Shackleton’s Expedition

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In 1914, a great leader began a great expedition, unbeknownst to him that instead of being known as great explorers, they would be known as some of the greatest survivors. This man was Sir Ernest Shackelton and he was determined to be the first to cross the Antarctic. Little did he know, his biggest challenge would end up being his ability to lead his team to survival. He also had no idea that their tale of strength, determination, and courage to survive would influence people well into the 21st century, and the book detailing their stories would be used as a model of leadership. As our group read this book, it was evident that Shackleton was a truly motivated and successful leader as we have come to understand one to be. His ability to successfully lead a team played a significant role in their survival.
In 1915, while amidst their expedition, the ship, Endurance, become lodged in a pack of ice. They tried to wait it out, through a winter of darkness, and even though the Endurance was drifting northward, the ice was too much for the Endurance to withstand. The ice broke the Endurance in half, forcing the dogs and crew off the ship. They would end up spending months trying to find land.
The Endurance party looked death in the face several times yet beating the odds, they survived. While some of their success can be contributed to luck and experience, Shakleton’s leadership is credited with being the factor that saved their lives. Below are the leadership traits that Shackleton exhibited throughout their journey.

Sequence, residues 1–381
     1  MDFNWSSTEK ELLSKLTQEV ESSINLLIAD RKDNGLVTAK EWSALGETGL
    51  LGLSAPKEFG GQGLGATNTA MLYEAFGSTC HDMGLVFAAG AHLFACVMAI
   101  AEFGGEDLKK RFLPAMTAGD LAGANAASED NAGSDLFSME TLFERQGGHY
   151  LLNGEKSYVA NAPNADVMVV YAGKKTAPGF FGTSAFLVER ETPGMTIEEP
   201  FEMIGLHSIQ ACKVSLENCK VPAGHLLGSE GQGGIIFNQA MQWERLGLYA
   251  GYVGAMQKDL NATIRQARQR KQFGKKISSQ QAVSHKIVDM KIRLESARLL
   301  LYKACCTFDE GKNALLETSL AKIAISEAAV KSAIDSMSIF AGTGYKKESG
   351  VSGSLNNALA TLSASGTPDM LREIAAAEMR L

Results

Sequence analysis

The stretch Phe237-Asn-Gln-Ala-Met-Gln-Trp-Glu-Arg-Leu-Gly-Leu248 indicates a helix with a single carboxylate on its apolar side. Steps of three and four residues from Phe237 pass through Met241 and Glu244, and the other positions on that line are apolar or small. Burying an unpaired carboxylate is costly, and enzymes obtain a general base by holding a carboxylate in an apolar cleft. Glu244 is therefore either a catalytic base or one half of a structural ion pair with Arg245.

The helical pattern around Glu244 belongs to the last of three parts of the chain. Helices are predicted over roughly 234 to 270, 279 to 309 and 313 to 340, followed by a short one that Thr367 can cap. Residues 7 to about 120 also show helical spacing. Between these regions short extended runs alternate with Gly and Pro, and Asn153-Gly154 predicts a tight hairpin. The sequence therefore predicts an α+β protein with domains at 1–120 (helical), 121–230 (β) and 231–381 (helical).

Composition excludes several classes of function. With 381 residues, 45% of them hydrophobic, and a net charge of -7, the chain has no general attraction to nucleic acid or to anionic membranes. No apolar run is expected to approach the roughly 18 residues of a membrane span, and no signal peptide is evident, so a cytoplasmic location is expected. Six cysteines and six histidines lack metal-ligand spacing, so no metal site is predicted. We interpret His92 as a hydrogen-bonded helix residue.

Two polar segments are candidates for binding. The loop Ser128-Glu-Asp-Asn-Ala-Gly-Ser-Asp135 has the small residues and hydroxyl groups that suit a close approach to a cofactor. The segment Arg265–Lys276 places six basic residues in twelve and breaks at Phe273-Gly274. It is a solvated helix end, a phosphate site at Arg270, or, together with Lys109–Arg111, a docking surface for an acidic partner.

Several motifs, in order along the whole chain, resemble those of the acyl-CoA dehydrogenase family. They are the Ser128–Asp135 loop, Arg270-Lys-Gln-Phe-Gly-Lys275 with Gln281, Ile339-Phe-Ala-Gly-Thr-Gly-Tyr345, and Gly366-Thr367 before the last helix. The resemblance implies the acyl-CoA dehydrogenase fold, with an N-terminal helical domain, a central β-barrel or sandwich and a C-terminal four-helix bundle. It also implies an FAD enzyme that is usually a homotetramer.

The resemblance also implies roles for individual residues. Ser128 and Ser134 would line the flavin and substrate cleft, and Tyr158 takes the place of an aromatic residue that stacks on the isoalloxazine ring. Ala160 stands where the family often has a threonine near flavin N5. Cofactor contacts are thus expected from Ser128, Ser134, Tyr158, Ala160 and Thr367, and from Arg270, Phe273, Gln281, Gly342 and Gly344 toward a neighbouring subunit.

Strong Decision Maker
We see initial leadership within Shackleton in his ability to make decisions. With a voyage like this, the decisions made would determine the likelihood of success. From the purchase ...

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...nly able to think about themselves not about what is best for the team. Shackleton was able to disregard selfish thoughts and with a little luck, good leadership, and strategic thinking his team was led to rescue.

Works Cited

Avolio, B. J. (2007, Jan 1). Promoting more Integrative Strategies for Leadership Theory Building. American Psychologist, pp. 25-33.
Crosby, B. B. (2005). Leadership for the Common Good. San Francisco, CA: Jossey-Bass.
Kellerman, B. (2004). Bad Leadership: What it is, How it Happens, Why it Matters. Boston, Massachusetts: Harvard Business Press.
Kirkpatrick, S. A., & Locke, E. A. (2001). Leadership: Do traits Matter? Academy of Management Executive,5,, 48-60.
Lansing, A. (1999). Endurance: shakelton's incredible voyage. New York: Basic Books.
Lipman-Blumen, J. (2005). The Allure of Toxic Leaders. New York, New York: Oxford University Press.

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